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ITF Warns Pakistan Against Reprisals

July 3, 2002

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WIMBLEDON, England (AP) _ The warning to Pakistan from the International Tennis Federation came wrapped in diplomatic language. The message was as blunt as an overhead smash:

Back off.

Pakistan’s threats to punish its No. 1 player, Aisam-ul-Haq Qureshi, for playing doubles at Wimbledon with Israel’s Amir Hadad were met Wednesday with a carefully crafted ``reminder,″ as an ITF spokeswoman put it, of the federation’s constitution.

Discrimination won’t be tolerated. Not on political grounds. Not on religious grounds.

The ITF warning came in a statement released to The Associated Press that suggested Pakistan could jeopardize its federation membership if it barred Qureshi from its Davis Cup team when it plays China in September.

``The ITF understands the political sensitivity of this issue,″ the statement said, ``but, as Davis Cup was founded with the aim of furthering international understanding through sport, we hope that the Pakistan Tennis Federation will choose Mr. Qureshi to participate in Davis Cup so long as his abilities warrant selection.″

Instead of celebrating the success of Qureshi and Hadad, two fringe players who befriended each other scuttling around the tour and got to the third round at Wimbledon, the head of tennis in Pakistan denounced the pairing and demanded an explanation from Qureshi.

Even though Qureshi went further in a Grand Slam event than any Pakistani player in history, the Pakistan Sports Board is talking about suspending him. Pakistan’s officials are upset because the country doesn’t recognize the state of Israel.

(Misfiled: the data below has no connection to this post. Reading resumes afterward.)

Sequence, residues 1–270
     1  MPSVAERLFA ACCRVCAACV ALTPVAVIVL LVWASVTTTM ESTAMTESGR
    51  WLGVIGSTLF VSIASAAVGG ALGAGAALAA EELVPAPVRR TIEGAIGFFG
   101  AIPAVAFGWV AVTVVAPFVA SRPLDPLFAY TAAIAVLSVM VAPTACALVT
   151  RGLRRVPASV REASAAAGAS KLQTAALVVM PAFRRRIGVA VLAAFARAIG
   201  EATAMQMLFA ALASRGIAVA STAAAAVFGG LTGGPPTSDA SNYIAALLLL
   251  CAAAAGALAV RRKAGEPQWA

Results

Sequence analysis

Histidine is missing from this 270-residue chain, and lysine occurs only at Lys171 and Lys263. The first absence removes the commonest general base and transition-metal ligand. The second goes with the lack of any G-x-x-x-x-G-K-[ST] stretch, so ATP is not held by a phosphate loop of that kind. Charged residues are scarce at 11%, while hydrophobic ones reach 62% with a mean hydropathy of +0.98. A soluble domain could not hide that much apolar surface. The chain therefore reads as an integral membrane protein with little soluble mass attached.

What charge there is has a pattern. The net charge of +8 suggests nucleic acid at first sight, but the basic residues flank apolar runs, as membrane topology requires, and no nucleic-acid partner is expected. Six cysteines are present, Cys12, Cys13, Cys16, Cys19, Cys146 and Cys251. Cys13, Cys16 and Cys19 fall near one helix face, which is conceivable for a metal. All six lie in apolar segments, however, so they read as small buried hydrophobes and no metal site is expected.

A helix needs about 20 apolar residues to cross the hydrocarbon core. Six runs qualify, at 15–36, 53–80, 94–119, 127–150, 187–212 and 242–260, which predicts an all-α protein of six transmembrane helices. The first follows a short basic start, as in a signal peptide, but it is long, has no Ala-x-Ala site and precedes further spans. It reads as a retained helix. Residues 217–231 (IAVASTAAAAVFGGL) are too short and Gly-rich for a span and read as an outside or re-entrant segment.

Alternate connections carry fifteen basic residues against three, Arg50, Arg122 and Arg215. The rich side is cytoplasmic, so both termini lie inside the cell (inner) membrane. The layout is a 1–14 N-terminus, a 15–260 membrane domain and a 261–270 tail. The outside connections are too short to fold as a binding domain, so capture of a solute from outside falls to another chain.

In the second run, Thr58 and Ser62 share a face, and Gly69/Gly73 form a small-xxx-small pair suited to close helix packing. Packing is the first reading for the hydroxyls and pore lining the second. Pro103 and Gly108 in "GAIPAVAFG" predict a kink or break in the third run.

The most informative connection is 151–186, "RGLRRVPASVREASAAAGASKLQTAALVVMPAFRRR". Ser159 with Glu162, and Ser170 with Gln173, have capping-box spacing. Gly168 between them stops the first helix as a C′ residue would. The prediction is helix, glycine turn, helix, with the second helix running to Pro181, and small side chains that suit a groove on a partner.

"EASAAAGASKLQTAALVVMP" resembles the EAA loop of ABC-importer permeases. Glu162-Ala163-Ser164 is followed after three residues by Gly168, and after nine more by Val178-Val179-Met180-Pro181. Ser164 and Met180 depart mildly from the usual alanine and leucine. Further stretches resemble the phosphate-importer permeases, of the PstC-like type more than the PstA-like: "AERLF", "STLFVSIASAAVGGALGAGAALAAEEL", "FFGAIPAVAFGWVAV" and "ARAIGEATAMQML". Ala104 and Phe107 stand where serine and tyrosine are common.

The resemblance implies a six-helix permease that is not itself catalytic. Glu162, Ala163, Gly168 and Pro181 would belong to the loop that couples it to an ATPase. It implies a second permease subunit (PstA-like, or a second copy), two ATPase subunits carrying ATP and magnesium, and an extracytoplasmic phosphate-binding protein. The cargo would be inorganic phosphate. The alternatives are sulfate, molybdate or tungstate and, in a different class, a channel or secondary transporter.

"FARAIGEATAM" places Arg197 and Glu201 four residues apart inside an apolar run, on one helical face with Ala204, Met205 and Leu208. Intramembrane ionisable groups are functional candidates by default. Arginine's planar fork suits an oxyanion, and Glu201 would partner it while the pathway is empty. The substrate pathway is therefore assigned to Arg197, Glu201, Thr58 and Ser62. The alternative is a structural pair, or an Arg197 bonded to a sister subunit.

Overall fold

``We hope and expect that he would not repeat this mistake in future,″ Syed Dilawar Abbas, president of the Pakistan Tennis Federation, said in Karachi.

Abbas added that Qureshi had not obtained permission from his country’s federation to play with an Israeli.

Qureshi’s family lives in Lahore, but he practices in Amsterdam with a Dutch coach and wanders the world like the rest of his nomadic tennis brethren.

All the fuss has left him understandably perplexed and ``a bit shocked.″ His mother, Nosheen, the former No. 1 woman player in Pakistan, and his father, Ihtshan, a businessman, were with him at Wimbledon, videotaping the match and sharing in his joy. Like him, they saw nothing wrong with the partnership between their son and Hadad.

``I never thought it was going to become such a big thing,″ said Qureshi, 22. ``We’re not here to change anything: politicians and governments do that. ...

``I am not a political person. I don’t like politics, actually. (Hadad) never talks to me about it.″

Hadad, 24, of Ramla, Israel, near Tel Aviv, said he chose to play with Qureshi for pragmatic, not political, reasons.

``I know Aisam is very good on grass, has a good serve, good volley,″ Hadad said. ``I pick him up only because of his talent and his skills in tennis. And I also like him as a person. It’s always fun to be with somebody that you like on the court. We have fun together and that’s it.″

Qureshi and Hadad plan to play together again in the U.S. Open.

``It’s the first time I’ve made it to the main draw of a Grand Slam _ with him,″ Qureshi said. ``I wouldn’t mind, for sure. I don’t like to interfere religion or politics into sport.″

Hadad agreed.

``We are good friends,″ he said, ``and I think we’re going to keep playing together in the future.″

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